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Connect the World

Heavy Infrastructure Damage As Ukraine Pummeled By Strikes; FIFA Rebuffs Zelenskyy's Request To Share Message Of Peace; Elon Musk Under Fire After Twitter Bans Some Journalists. Aired 11-12p ET

Aired December 16, 2022 - 11:00   ET



ELENI GIOKOS, CNN HOST: I'm Eleni Giokos in Dubai, I'm in for my colleague Becky Anderson. Hello and welcome. This is Connect The World. We begin with

a massive wave of Russian airstrikes on Ukraine, some of the heaviest that we've seen since the start of the entire conflict 10 months ago. CNN teams

in Kyiv say they heard explosions and saw and heard missiles as a number of districts were hit, forcing people to rush to shelter.

Ukraine's armed forces say 76 missiles have been launched at the country including four guided aircraft missiles. Regional leaders report critical

infrastructure is being targeted. The mayor of Kharkiv says the damage there is colossal and that people are without heat, electricity and water.

Ukraine's state energy provider says they are in emergency mode as critical infrastructure is targeted.

CNN's Will Ripley has more from Kyiv.


WILL RIPLEY, CNN CORRESPONDENT: The Kyiv city military administration says the Ukrainian capital has survived one of the most massive missile attacks

since the beginning of the full scale invasion. I'm standing in a square where you can see destroyed vehicles from the beginning of the war. We

actually can't take you to the scene of these attacks because the targets were critical infrastructure and Ukraine has very strict rules about

filming and showing these locations.

They don't want to tip off the Russians to what areas they might have hit and what areas they might have missed. But in this case, Kyiv says that

most of the missiles never reached their targets because they say out of around 40 missiles that Russia fired directly at Kyiv which is a huge

number, even for locals who've been living here throughout this full scale war for nearly 10 months now.

They say they shot down 37 of them. There were however three explosions reported here in Kyiv, both on the east and west banks of the river, two of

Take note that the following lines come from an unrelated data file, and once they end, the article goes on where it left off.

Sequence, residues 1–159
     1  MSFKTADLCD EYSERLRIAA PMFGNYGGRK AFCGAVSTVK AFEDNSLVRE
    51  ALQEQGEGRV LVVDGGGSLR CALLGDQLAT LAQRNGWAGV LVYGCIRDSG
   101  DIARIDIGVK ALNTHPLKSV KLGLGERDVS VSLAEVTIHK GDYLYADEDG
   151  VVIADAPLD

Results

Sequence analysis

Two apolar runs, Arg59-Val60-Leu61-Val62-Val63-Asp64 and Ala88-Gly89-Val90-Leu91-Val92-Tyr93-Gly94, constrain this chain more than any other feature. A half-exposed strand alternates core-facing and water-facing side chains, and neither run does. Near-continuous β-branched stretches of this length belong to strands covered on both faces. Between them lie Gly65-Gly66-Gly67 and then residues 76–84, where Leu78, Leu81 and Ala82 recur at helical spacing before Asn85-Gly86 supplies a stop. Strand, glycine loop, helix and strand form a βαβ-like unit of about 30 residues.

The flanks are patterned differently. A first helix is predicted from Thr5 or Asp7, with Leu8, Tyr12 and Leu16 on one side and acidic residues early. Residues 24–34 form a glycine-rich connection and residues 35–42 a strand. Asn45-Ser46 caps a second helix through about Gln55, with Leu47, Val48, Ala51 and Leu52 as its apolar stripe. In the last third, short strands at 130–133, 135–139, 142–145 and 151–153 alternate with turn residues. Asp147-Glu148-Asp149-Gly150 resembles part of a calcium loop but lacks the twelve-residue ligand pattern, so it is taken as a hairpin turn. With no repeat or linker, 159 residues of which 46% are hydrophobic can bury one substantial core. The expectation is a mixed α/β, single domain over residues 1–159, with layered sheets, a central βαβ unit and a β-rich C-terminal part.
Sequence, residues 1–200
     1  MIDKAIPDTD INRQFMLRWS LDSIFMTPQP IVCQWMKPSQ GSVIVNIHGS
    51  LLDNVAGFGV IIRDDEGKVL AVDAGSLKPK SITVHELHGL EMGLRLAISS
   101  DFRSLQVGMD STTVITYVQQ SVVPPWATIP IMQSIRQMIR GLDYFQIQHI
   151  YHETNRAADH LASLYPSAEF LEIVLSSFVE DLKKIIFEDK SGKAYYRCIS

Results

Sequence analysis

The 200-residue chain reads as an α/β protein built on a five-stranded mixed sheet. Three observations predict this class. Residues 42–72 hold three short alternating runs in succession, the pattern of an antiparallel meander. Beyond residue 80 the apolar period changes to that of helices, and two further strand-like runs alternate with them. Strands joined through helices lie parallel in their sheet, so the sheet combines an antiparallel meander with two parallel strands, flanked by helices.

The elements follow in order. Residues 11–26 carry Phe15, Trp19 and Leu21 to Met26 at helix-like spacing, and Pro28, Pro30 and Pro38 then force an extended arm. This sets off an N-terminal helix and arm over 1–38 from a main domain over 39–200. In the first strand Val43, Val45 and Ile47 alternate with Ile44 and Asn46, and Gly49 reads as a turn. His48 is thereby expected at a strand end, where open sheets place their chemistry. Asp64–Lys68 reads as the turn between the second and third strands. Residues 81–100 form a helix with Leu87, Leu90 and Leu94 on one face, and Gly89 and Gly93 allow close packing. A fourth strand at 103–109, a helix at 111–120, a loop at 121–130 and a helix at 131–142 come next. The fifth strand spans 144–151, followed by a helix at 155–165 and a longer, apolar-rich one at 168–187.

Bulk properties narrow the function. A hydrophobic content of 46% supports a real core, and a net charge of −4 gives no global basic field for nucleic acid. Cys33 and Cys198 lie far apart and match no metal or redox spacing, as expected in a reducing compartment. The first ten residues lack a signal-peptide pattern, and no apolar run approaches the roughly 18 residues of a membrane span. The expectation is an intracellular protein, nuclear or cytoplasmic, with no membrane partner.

them in the East, one in the West. There are reports across Ukraine of entire cities plunged into darkness as a result of these attacks, which

didn't just hit here in Kyiv, they also hit to the south in Odessa and to the north in Sumy and Kharkiv.

But here in the capital, there were 10s of 1000s of people sheltering in place, hiding and underground subway stations waiting for an all clear and

there were sounds of explosions. We actually heard them this morning, as we were getting ready to pack up and go on a road trip, the air raid sirens

went off and there were some loud explosions that can be heard in our vicinity.

CNN staff who lived even closer to the scenes of the explosions, said they also heard the sound of the air defense systems being activated, shooting

down, presumably those dozens of missiles that were headed towards the Ukrainian Capital. The number of dead and injured, of course, those reports

are always fluid. But as of now we know at least two people killed.

At least five people injured, including children and UNICEF just days ago warned that these ongoing Russian attacks, this constant bombardment of the

civilian power infrastructure is putting the physical and mental health of nearly every single child here in Ukraine at desperate risk. Will Ripley,

CNN, Kyiv, Ukraine.


GIOKOS: Right, Will Ripley there explaining the impact of the bombardment, the strikes over the past 24 hours in areas across Ukraine, I want to

discuss now Russia's tactics with our military analysts. We've got Colonel Cedric Leighton joining us. Colonel, just hearing the - the enormity of

these strikes, and I was going through what kind of missiles Russia was using.

So 76 missiles in total, 72 were cruise missiles, the other four guided aircraft missiles, many of those intercepted. Could you firstly, give me a

sense of what you think Russia's game plan is here. And interestingly, what Ukraine's capabilities are in terms of air defense systems?

COL. CEDRIC LEIGHTON, CNN MILITARY ANALYST: Right, Eleni? Well, one of the key plans that Russia has is really to continue their efforts against the

civilian infrastructure. And as Will was pointing out in his report, there are so many different target sets that the Russians are going after,

everything from the transport systems, subways, the rail systems.

You have military installations, but they seem to be secondary targets compared to all of the civilian targets, including the energy structure -

sector, as well as, of course, specifically the power grid. So what the Russians are trying to do is they're trying to have the Ukrainian state and

the Ukrainian society into submission. And they're doing so by targeting all these civilian areas, all of the different apartment buildings that are


Those are really deliberate targets in this particular case. The types of missiles that they're using Eleni, are ones to, you know, normally designed

to be used for military targets. So they're, you know, in essence, imprecise in some respects when it comes to civilian targets, but on the

other hand, they're doing exactly what the Russians want. They're hitting the civilian targets and causing misery for the Ukrainian population.


Now as far as the Ukrainian air defenses are concerned, they have a capability where they've been able to knock down a substantial portion of

risk going through there. But the problem that they have is that even the - the relatively few missiles that come through are still lethal enough that